- Female genital mutilation (FGM) includes procedures that intentionally alter or cause injury to the female genital organs for non-medical reasons.
- The procedure has no health benefits for girls and women.
- Procedures can cause severe bleeding and problems urinating, and later cysts, infections, as well as complications in childbirth and increased risk of newborn deaths.
- More than 200 million girls and women alive today have been cut in 30 countries in Africa, the Middle East and Asia where FGM is concentrated1.
- FGM is mostly carried out on young girls between infancy and age 15.
- FGM is a violation of the human rights of girls and women.
Female genital mutilation (FGM) comprises all procedures that involve partial or total removal of the external female genitalia, or other injury to the female genital organs for non-medical reasons.
The practice is mostly carried out by traditional circumcisers, who often play other central roles in communities, such as attending childbirths. In many settings, health care providers perform FGM due to the erroneous belief that the procedure is safer when medicalized1. WHO strongly urges health professionals not to perform such procedures.
FGM is recognized internationally as a violation of the human rights of girls and women. It reflects deep-rooted inequality between the sexes, and constitutes an extreme form of discrimination against women. It is nearly always carried out on minors and is a violation of the rights of children. The practice also violates a person’s rights to health, security and physical integrity, the right to be free from torture and cruel, inhuman or degrading treatment, and the right to life when the procedure results in death.
Female genital mutilation is classified into 4 major types.
- Type 1: Often referred to as clitoridectomy, this is the partial or total removal of the clitoris (a small, sensitive and erectile part of the female genitals), and in very rare cases, only the prepuce (the fold of skin surrounding the clitoris).
- Type 2: Often referred to as excision, this is the partial or total removal of the clitoris and the labia minora (the inner folds of the vulva), with or without excision of the labia majora (the outer folds of skin of the vulva ).
- Type 3: Often referred to as infibulation, this is the narrowing of the vaginal opening through the creation of a covering seal. The seal is formed by cutting and repositioning the labia minora, or labia majora, sometimes through stitching, with or without removal of the clitoris (clitoridectomy).
- Type 4: This includes all other harmful procedures to the female genitalia for non-medical purposes, e.g. pricking, piercing, incising, scraping and cauterizing the genital area.
Deinfibulation refers to the practice of cutting open the sealed vaginal opening in a woman who has been infibulated, which is often necessary for improving health and well-being as well as to allow intercourse or to facilitate childbirth.
No health benefits, only harm
FGM has no health benefits, and it harms girls and women in many ways. It involves removing and damaging healthy and normal female genital tissue, and interferes with the natural functions of girls’ and women’s bodies. Generally speaking, risks increase with increasing severity of the procedure.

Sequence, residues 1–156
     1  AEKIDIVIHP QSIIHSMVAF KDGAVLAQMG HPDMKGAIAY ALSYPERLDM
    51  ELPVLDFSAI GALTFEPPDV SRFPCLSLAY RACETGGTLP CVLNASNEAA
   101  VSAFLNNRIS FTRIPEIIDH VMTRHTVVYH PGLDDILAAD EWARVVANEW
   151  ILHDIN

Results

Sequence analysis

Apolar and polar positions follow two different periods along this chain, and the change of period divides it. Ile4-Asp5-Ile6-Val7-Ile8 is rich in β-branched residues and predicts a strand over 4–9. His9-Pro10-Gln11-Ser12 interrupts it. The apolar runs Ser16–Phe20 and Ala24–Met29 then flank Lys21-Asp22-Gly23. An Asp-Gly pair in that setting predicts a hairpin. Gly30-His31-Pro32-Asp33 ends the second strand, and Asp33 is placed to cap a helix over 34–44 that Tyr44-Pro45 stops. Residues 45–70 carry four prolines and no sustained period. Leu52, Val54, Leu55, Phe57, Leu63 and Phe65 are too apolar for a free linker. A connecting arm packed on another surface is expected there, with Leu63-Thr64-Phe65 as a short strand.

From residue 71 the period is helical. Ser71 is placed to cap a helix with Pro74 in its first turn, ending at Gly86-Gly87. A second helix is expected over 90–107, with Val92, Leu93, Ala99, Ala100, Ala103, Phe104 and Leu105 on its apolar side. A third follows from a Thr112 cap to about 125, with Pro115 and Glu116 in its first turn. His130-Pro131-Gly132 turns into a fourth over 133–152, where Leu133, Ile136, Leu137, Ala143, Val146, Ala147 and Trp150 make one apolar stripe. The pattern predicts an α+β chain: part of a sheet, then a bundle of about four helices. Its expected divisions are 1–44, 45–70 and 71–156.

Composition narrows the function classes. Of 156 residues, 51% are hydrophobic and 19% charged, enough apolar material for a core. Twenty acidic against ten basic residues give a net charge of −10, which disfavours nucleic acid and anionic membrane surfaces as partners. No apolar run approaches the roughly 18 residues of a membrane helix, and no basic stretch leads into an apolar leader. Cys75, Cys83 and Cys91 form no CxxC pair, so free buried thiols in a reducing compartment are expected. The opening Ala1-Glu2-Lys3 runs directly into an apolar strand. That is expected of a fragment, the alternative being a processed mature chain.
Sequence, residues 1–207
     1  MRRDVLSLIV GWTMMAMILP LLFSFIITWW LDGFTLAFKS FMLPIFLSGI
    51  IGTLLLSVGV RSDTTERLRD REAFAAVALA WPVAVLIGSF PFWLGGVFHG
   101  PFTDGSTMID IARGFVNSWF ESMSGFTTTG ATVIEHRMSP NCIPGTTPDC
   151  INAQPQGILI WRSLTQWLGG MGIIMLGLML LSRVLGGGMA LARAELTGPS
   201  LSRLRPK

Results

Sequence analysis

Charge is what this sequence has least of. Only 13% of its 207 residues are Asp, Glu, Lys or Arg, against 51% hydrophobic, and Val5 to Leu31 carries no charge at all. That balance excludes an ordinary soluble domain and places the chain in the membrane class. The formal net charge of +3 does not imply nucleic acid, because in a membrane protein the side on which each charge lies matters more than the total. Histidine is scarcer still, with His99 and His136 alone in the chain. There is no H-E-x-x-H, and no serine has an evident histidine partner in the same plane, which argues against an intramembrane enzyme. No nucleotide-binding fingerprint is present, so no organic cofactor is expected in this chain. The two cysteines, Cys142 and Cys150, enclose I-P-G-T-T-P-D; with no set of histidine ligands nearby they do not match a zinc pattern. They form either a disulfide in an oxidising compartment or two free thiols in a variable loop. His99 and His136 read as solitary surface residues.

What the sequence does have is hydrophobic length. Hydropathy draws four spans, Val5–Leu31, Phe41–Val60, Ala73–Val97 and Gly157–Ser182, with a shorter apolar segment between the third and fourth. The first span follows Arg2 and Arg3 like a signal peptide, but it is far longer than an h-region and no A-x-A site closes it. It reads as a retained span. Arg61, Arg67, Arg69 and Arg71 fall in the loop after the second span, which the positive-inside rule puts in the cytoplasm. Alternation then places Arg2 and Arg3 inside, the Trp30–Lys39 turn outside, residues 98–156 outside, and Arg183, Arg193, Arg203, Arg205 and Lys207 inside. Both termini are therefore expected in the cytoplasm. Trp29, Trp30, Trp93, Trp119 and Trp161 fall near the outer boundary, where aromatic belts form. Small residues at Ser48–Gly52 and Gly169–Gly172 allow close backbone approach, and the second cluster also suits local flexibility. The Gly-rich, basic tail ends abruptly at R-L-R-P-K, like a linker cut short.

Immediate complications can include:
- severe pain
- excessive bleeding (haemorrhage)
- genital tissue swelling
- infections e.g., tetanus
- urinary problems
- wound healing problems
- injury to surrounding genital tissue
Long-term consequences can include:
- urinary problems (painful urination, urinary tract infections);
- vaginal problems (discharge, itching, bacterial vaginosis and other infections);
- menstrual problems (painful menstruations, difficulty in passing menstrual blood, etc.);
- scar tissue and keloid;
- sexual problems (pain during intercourse, decreased satisfaction, etc.);
- increased risk of childbirth complications (difficult delivery, excessive bleeding, caesarean section, need to resuscitate the baby, etc.) and newborn deaths;
- need for later surgeries: for example, the FGM procedure that seals or narrows a vaginal opening (type 3) needs to be cut open later to allow for sexual intercourse and childbirth (deinfibulation). Sometimes genital tissue is stitched again several times, including after childbirth, hence the woman goes through repeated opening and closing procedures, further increasing both immediate and long-term risks;
- psychological problems (depression, anxiety, post-traumatic stress disorder, low self-esteem, etc.).
Who is at risk?
Procedures are mostly carried out on young girls sometime between infancy and adolescence, and occasionally on adult women. More than 3 million girls are estimated to be at risk for FGM annually.
More than 200 million girls and women alive today have been cut in 30 countries in Africa, the Middle East and Asia where FGM is concentrated 1.
The practice is most common in the western, eastern, and north-eastern regions of Africa, in some countries the Middle East and Asia, as well as among migrants from these areas. FGM is therefore a global concern.
Cultural and social factors for performing FGM
The reasons why female genital mutilations are performed vary from one region to another as well as over time, and include a mix of sociocultural factors within families and communities. The most commonly cited reasons are: